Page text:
“Do ye not suppose that such things are abominable unto him who created all flesh?  And the one being is as precious in his sight as the other.  And all flesh is of the dust; and for the selfsame end hath he created them, that they should keep his commandments and glorify him forever” (Jacob 2:20-21).

Alma2 taught Corianton, “Now behold, my son, I will explain this thing unto thee.  For behold, after the Lord God sent our first parents forth from the garden of Eden, to till the ground, from whence they were taken—yea, he drew out the man, and he placed at the east end of the garden of Eden, cherubim, and a flaming sword which turned every way, to keep the tree of life” (Alma 42:2).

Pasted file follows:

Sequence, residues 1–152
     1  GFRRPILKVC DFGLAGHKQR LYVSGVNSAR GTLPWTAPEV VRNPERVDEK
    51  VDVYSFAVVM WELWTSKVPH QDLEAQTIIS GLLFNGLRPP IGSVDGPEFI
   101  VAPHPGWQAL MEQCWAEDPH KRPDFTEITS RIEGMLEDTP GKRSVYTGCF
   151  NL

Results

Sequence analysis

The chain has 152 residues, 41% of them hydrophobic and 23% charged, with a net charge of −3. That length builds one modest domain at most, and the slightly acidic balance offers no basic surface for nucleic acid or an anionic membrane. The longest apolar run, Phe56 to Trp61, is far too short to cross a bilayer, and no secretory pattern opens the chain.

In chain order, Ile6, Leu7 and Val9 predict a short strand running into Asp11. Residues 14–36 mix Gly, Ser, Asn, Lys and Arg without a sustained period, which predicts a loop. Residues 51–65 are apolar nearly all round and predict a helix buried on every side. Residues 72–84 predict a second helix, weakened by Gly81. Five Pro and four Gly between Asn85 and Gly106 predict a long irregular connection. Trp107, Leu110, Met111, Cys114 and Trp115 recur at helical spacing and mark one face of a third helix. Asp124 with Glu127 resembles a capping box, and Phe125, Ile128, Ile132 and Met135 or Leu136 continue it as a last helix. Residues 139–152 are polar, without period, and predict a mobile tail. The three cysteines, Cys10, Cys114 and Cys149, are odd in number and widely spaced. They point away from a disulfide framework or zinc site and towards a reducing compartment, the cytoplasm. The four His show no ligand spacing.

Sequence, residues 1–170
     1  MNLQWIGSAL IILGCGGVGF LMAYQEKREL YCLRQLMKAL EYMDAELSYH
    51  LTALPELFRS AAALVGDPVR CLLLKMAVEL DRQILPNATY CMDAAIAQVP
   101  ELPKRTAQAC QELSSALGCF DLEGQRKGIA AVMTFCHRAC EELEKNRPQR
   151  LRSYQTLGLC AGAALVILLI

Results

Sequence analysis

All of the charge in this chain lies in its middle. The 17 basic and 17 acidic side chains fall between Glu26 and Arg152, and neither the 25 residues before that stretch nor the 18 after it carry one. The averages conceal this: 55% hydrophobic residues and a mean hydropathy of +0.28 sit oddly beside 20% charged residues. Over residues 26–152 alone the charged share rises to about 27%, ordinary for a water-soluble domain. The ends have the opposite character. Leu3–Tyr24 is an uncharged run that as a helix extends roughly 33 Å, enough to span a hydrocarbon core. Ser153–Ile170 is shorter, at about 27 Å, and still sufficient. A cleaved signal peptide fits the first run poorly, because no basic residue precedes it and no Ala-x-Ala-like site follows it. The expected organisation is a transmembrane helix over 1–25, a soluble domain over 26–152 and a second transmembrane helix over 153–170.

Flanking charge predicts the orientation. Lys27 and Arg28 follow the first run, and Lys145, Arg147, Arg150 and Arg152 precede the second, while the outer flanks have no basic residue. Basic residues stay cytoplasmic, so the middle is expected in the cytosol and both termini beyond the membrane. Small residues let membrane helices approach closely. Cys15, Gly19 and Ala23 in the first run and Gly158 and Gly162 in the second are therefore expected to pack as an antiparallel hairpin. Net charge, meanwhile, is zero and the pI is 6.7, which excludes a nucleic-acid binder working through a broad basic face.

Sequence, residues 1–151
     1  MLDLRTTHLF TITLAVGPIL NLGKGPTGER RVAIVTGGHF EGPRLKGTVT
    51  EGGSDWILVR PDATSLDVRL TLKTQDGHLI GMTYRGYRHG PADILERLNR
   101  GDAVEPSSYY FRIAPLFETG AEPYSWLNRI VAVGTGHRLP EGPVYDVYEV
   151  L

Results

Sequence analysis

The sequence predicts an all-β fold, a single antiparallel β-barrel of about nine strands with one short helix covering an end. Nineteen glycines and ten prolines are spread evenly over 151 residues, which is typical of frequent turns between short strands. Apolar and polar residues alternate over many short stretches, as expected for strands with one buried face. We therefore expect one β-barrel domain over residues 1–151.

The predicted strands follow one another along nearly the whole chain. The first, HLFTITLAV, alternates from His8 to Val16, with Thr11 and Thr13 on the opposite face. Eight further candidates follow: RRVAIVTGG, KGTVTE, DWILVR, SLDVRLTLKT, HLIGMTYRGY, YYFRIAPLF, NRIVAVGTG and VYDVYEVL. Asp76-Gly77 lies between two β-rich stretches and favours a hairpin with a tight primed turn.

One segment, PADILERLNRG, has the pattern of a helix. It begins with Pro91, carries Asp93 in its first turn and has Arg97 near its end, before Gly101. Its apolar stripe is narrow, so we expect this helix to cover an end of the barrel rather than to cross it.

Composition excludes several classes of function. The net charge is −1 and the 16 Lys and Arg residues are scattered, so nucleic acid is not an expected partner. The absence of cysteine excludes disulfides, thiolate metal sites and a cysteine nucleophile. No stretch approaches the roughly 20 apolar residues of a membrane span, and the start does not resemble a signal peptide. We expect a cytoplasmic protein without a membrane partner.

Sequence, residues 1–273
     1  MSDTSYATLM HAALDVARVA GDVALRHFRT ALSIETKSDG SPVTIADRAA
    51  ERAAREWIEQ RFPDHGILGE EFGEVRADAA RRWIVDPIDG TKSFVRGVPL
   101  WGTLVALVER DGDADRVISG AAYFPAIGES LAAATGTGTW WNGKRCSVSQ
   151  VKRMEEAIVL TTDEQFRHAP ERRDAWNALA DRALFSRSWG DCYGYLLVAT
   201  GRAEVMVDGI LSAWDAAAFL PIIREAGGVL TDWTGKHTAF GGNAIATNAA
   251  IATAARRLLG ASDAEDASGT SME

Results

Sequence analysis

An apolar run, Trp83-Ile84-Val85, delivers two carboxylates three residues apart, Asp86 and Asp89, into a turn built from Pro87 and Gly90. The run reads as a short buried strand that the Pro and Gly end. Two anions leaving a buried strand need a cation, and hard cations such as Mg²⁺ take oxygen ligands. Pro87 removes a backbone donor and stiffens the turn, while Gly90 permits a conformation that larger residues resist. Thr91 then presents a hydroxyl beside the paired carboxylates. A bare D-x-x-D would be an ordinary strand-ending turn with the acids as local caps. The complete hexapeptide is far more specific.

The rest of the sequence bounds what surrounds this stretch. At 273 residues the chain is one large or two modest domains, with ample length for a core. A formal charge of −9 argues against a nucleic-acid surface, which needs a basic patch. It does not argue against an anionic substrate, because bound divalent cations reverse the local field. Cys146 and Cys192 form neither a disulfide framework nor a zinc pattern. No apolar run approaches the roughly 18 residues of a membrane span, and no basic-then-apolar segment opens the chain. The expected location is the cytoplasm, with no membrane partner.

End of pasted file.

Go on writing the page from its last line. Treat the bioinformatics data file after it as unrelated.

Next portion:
To whom does the dust belong?  It belongs to the Lord.  “It is his property, not yours! What is more, no one can even pay his own way in the world, let alone claim a surplus…”[4]  The Lord simply asks “…only two things: first, to recognize his gifts for what they are, and not to take credit to ourselves and say, ‘This is mine’…”[5]

“The Book of Mormon tells us that the essence of repentance is knowing exactly what we are. King Benjamin really rubs it in: ‘Therefore, of what have ye to boast? And now I ask, can ye say ought of yourselves? … Ye cannot say that ye are even as much as the dust of the earth’ (Mosiah 2:24-25).”[6]

Benjamin reminds the people, “I, whom ye call your king, am no better than ye yourselves are.”  Can you imagine many of today’s politicians confessing this?  Why is he no better than the people?  “I am also of the dust.”  Benjamin is old, and is “about to yield up this mortal frame to its mother earth.”